Moore, a driver for United Parcel Service, appeals the grant of summary judgment to Service Merchandise and its landlord Candler Development Company in his suit for injuries resulting from a fall while making a delivery to Service Merchandise.
Viewed in favor of Moore, opponent of summary judgment, OCGA 9-11-56
; Eiberger v. West, 247 Ga. 767
, 769 (1) (281 SE2d 148
) (1981), the evidence was that, as part of his regular route, Moore had been making two stops a day at Service Merchandise for a year prior to the accident in October 1988. He made a delivery stop in the morning and a pickup stop in the afternoon. On several of these visits, Moore had observed that, during and after rain, the roof over the loading dock where he parked his truck leaked, causing numerous puddles on the concrete loading dock and wetness over most of it. On at least one occasion, Moore had complained to his supervisor at UPS about the presence of the standing water. Deliveries and pickups could be made at Service Merchandise by walking over the loading dock into the warehouse, as Moore did here, using the pedestrian entrance to the warehouse to the side, or entering the doors of the retail store and going to the warehouse section. No one had ever restricted Moore to use of the loading dock for this purpose and other UPS drivers had used the other entrances.
When it had rained on other occasions while Moore made his pickup, he waited in the truck and Service Merchandise employees handed him the packages so he did not have to traverse the dock. On the day he was injured, the other employees were involved in unloading another truck and Moore did his own pickup rather than wait for them. He had already carried one load across the loading dock through the puddle into his truck before he fell on the next trip. He slipped in a puddle and fell into his truck, injuring his knee.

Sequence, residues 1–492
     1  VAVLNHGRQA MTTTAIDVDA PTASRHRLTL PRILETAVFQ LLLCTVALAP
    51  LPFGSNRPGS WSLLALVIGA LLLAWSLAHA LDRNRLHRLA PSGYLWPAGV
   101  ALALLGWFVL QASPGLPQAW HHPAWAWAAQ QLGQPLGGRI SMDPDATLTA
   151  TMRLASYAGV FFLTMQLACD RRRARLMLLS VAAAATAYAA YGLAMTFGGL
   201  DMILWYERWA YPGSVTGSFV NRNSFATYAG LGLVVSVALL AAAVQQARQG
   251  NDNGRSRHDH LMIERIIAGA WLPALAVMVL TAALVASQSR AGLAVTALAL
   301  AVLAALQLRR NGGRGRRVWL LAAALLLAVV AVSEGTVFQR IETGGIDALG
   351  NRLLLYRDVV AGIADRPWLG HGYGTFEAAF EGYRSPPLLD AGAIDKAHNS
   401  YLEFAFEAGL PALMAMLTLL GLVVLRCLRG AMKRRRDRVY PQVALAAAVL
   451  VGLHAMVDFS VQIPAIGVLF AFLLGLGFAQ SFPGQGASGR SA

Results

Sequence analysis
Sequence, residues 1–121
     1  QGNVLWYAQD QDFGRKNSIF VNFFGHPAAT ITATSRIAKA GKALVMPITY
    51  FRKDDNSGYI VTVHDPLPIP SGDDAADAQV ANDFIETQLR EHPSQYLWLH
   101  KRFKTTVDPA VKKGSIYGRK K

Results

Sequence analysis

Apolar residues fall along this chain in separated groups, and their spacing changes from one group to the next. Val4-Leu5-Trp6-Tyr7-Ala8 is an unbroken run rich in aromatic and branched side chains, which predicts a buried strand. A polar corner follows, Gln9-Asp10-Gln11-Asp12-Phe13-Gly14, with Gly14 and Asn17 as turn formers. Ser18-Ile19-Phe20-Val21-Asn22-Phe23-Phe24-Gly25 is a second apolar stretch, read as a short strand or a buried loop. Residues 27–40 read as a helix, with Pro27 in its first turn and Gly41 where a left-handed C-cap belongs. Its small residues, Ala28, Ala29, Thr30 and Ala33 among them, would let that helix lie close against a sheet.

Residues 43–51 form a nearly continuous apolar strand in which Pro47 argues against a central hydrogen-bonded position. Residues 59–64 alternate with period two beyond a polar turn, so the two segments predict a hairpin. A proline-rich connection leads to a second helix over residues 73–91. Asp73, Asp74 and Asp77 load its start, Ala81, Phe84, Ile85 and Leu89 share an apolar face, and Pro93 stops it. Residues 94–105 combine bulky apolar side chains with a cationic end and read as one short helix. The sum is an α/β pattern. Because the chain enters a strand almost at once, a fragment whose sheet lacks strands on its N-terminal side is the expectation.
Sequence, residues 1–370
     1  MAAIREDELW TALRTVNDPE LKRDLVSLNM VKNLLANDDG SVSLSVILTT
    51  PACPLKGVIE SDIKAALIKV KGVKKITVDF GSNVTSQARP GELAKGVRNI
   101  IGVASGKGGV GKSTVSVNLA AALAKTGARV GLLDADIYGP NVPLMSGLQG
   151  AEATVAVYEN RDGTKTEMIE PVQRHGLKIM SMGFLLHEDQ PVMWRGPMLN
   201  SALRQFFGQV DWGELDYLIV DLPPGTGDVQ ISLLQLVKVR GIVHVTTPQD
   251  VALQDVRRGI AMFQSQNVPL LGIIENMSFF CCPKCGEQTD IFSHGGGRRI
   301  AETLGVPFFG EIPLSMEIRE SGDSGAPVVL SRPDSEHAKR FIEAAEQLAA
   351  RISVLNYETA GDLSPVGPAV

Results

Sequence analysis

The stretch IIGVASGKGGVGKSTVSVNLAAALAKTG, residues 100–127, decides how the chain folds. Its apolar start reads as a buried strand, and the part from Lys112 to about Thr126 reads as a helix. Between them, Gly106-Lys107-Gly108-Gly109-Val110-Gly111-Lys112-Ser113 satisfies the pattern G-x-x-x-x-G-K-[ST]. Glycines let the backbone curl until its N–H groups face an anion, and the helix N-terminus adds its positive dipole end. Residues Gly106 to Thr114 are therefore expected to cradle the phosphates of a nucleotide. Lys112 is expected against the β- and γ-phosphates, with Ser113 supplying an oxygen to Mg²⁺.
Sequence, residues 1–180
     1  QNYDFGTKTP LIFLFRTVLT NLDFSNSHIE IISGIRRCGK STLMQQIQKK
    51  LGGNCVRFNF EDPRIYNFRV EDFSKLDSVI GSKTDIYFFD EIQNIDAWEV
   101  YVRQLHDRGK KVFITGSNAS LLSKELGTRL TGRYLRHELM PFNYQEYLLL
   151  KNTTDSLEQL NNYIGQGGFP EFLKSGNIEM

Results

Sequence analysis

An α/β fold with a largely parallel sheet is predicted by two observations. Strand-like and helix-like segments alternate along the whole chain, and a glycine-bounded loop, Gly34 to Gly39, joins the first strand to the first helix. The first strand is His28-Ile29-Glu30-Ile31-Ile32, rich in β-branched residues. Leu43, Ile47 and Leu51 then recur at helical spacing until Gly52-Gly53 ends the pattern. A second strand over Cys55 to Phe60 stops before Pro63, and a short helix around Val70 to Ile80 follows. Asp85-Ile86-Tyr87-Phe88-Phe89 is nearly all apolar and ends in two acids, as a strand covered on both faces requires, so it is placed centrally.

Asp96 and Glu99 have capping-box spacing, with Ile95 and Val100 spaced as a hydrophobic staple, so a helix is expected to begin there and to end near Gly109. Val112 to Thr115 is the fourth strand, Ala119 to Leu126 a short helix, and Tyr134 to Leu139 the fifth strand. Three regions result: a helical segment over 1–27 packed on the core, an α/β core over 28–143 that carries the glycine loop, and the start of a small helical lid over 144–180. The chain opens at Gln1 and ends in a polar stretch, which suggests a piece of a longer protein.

In order to recover in a slip and fall case, the plaintiff must show that (1) the defendant had actual or constructive knowledge of the foreign substance and (2) plaintiff was without knowledge of the substance or for some reason attributable to the defendant was prevented from discovering the foreign substance. Alterman Foods v. Ligon, 246 Ga. 620
, 623 (272 SE2d 327
Here, there is no question that Service Merchandise knew of the condition of the roof and the fact that the loading dock became wet during and after rain. Likewise, however, there is no question that Moore also knew about the condition and had, in fact, complained to his supervisor about it. Further, on prior trips, he had chosen to remain in his truck rather than traverse the area while it was wet. Acknowledging this, Clark v. Carla Gay Dress Co., 178 Ga. App. 157
, 159 (342 SE2d 468
) (1986), Moore asserted in opposition to the motions for summary judgment that there remained an issue of whether the "rule of necessity" as explained in Thompson v. Crown over, 259 Ga. 126 (381 SE2d 283) (1989)
applied and created a jury issue.
That case had, as its foundation, the statutory duty of care imposed upon a residential landlord by housing codes and other laws to ensure the safety of his tenant. Without that as a cornerstone, the argument of Moore based on Thompson is not applicable here.
There is in place, however, a principle developed under the assumption of the risk theory that applies. "[T]he doctrine of the assumption of the risk of danger applies only where the plaintiff, with a full appreciation of the danger involved and without restriction from his freedom of choice either by the circumstances or by coercion, deliberately chooses an obviously perilous course of conduct so that it can be said as a matter of law he has assumed all risk of injury. [Cit.]" Myers v. Boleman, 151 Ga. App. 506
, 509 (3) (260 SE2d 359
There is no evidence here that Moore was so limited in his freedom of choice. His own testimony was that on previous occasions he had exercised that choice and remained in his truck while Service Merchandise employees handed him packages. On this occasion, he chose not to without coercion or removal of that option or others by defendants.
DeVille, McNatt & Halberg, Blake D. Halberg, Alston & Bird, Peter M. Degnan, James C. Grant, for appellees.